Great News—Colon Cancer Incidence Decreasing

I love spreading the word when good news comes out. Sadly, it seems the Internet is ripe with bad news these days. Shocking headlines get more clicks, so sometimes it can feel as though bad news is all there is. Today I have some good news to help balance the onslaught of negative headlines. According to a recent report by the American Cancer Society, colon cancer rates have dropped 30 percent in the United States in the last 10 years. That’s great news, for sure.

The researchers attribute the decrease to the increase in screening colonoscopies, particularly in older adults. Only 19 percent of adults aged 50 to 75 got colonoscopies in 2000 compared to 55 percent in 2010. That’s an impressive increase. Colon cancer is the third most common cancer and also the third leading cause of cancer death in the United States. Because colon cancer develops slowly, screening for colon polyps with routine colonoscopy is one of the best ways to protect against its advancement.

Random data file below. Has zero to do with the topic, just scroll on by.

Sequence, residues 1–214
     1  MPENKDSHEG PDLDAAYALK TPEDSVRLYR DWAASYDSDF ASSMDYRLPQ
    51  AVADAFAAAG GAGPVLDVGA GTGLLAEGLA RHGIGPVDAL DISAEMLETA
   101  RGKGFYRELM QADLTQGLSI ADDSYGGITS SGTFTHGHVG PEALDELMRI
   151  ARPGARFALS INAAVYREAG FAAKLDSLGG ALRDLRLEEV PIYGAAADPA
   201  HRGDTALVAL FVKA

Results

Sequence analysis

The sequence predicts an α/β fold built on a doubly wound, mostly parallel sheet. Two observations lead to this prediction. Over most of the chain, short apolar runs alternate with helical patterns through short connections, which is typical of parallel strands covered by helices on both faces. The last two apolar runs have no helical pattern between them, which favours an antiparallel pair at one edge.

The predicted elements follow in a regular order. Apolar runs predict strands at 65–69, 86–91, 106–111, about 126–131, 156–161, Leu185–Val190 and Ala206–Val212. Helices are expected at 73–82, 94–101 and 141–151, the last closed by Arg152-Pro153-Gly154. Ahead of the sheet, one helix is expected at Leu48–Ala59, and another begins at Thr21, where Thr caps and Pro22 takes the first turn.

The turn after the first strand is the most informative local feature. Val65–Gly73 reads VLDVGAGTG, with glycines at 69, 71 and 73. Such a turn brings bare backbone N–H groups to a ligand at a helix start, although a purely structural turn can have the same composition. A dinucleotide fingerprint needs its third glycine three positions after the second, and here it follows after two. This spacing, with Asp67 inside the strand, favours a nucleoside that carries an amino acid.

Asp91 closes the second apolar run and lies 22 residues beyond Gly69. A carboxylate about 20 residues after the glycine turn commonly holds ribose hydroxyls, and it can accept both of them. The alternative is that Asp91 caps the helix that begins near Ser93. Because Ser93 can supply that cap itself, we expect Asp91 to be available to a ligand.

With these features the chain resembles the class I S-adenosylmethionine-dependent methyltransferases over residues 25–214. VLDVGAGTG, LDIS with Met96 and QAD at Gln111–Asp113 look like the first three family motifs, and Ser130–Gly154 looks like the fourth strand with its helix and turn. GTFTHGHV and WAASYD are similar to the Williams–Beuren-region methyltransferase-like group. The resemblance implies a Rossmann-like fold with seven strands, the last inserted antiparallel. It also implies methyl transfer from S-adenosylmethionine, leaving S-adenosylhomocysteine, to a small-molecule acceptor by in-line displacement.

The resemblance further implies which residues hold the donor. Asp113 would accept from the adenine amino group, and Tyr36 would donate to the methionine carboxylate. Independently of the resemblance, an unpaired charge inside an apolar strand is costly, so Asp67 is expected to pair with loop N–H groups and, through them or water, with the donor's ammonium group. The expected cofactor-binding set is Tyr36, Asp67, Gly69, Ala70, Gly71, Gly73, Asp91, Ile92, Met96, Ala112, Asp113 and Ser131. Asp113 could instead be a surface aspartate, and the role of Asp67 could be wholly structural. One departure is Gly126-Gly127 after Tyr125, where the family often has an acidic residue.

Experts call for an even further decrease, however. “These continuing drops in incidence and mortality show the lifesaving potential of colon cancer screening; a potential that an estimated 23 million Americans between ages 50 and 75 are not benefitting from because they are not up to date on screening,” said Richard Wender, MD, Chief Cancer Control Officer of the American Cancer Society.

If you are age 50 or over and you haven’t yet scheduled your colonoscopy, do so today—and every 10 years thereafter unless your doctor tells you that you need more frequent screening. Sure, colonoscopies aren’t exactly a walk in the park, but they save lives. Schedule yours today.